marketing

Technology adoption lifecycle

Understanding TALC helps business managers focus product management, develop future marketing strategies and allocate resources for radically innovative products. TALC can be represented by bell curve composed of five sections. In the graphic below, the blue curve represents the groups of consumer adopting a new technology and yellow is the market share which obviously reaches 100% following complete adoption. This is the point of market saturation.

Benchmarking

Benchmarking is a systematic and continuous process involving the comparison of characteristics of the best products, services and processes in order to improve business performance.

There are four different categories of benchmarking:

Penetration rate

Penetration measures the popularity of a product in terms of usage or purchase. It is a function of the number of people who buy a product category or a particular brand and the size of the relevant market. Start-ups and established businesses use this metric to evaluate the effectiveness of their product development and marketing strategies. Strategies to increase the penetration rate include adjusting the marketing and packaging strategy to generate sales growth and increasing the total market size by attracting new customers.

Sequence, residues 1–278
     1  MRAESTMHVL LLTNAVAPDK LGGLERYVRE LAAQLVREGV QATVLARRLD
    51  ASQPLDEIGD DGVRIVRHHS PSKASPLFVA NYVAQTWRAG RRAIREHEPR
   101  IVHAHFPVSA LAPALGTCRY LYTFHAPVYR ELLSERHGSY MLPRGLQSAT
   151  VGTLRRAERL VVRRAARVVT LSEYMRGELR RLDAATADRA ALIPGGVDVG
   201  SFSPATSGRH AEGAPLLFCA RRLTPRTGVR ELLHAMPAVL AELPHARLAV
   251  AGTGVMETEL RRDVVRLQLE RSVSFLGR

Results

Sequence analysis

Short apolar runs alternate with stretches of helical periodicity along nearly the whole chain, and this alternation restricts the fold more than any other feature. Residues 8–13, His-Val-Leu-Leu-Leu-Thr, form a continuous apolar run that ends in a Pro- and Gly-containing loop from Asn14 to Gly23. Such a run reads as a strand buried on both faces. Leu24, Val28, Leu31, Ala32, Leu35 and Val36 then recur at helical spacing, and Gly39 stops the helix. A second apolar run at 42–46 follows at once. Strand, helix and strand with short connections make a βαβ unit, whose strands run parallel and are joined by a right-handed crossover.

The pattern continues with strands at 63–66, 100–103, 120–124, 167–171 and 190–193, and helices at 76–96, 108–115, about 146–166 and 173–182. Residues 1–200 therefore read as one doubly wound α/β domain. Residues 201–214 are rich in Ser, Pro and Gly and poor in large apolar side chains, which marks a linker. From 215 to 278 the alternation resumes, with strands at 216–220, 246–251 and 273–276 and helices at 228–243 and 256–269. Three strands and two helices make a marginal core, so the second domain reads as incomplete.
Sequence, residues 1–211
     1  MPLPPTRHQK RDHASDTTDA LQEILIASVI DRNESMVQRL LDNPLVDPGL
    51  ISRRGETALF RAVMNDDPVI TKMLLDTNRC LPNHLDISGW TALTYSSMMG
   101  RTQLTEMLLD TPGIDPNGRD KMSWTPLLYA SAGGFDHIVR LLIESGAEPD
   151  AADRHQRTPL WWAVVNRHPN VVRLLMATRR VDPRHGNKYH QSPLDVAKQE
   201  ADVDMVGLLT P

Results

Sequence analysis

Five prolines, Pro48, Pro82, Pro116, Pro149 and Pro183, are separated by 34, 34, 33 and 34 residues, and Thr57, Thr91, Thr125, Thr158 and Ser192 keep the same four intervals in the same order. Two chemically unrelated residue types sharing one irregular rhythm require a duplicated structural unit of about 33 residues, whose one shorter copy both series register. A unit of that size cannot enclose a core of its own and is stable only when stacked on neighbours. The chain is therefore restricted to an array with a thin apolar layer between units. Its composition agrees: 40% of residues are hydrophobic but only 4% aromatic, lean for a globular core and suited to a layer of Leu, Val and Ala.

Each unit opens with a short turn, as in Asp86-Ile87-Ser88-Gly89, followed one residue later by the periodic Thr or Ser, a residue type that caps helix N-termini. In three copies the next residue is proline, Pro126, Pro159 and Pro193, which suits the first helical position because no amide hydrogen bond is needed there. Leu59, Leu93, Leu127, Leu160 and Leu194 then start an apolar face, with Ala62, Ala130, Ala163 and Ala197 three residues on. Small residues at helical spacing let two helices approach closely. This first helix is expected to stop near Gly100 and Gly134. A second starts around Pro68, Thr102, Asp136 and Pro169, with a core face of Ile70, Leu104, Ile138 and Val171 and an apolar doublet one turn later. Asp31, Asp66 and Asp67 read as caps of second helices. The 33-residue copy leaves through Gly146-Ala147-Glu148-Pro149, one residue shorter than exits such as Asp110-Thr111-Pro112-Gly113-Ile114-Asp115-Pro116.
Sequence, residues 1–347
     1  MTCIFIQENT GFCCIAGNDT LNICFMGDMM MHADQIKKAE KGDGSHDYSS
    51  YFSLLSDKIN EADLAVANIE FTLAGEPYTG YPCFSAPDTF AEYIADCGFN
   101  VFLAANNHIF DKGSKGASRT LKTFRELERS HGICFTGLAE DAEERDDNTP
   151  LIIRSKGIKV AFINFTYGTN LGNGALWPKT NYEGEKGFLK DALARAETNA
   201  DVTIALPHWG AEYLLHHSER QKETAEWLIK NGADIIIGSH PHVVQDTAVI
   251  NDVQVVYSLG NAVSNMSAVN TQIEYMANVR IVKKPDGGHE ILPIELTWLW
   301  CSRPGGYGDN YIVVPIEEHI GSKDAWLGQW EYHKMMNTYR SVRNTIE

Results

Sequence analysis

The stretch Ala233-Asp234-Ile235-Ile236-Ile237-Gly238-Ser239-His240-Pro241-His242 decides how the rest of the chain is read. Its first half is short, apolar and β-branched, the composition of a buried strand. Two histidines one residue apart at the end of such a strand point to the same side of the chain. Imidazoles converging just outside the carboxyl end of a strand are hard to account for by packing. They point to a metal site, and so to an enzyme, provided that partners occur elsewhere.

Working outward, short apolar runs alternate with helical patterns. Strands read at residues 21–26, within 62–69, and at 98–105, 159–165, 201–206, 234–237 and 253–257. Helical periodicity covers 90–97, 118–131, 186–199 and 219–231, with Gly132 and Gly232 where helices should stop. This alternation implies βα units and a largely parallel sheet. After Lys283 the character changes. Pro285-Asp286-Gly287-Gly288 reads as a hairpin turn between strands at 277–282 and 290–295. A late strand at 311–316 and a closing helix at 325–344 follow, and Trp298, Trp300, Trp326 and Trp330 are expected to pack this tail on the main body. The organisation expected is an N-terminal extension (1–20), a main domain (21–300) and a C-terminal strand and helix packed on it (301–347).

Potential target market

The pool of consumers in every major product category includes groups of people with a variety of wants, needs and personal characteristics. A firm's marketing challenge is to identify one or more of these groups as a potential target market -- buyers most likely to choose their brand instead of that of a competitor.
Four criteria can be used to determine the potential a target market:

Entrepreneurial marketing

Marketing and entrepreneurship have been regarded traditionally as two distinct fields of study. A growing awareness of the importance of entrepreneurship and innovation to marketing, and of marketing to successful entrepreneurship, has led to attempts to combine the two disciplines as "entrepreneurial marketing''. The main thrust of entrepreneurial marketing is an emphasis on adapting marketing to forms that are appropriate to small and medium-sized enterprises (SMEs), acknowledging the likely pivotal role of the entrepreneur in any marketing activities.